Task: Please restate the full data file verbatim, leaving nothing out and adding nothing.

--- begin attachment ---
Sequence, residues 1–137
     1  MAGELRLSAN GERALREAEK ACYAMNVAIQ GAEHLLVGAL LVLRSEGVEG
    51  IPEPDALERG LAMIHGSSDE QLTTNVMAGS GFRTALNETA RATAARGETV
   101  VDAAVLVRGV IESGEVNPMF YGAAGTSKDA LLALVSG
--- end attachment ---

Sequence, residues 1–137
     1  MAGELRLSAN GERALREAEK ACYAMNVAIQ GAEHLLVGAL LVLRSEGVEG
    51  IPEPDALERG LAMIHGSSDE QLTTNVMAGS GFRTALNETA RATAARGETV
   101  VDAAVLVRGV IESGEVNPMF YGAAGTSKDA LLALVSG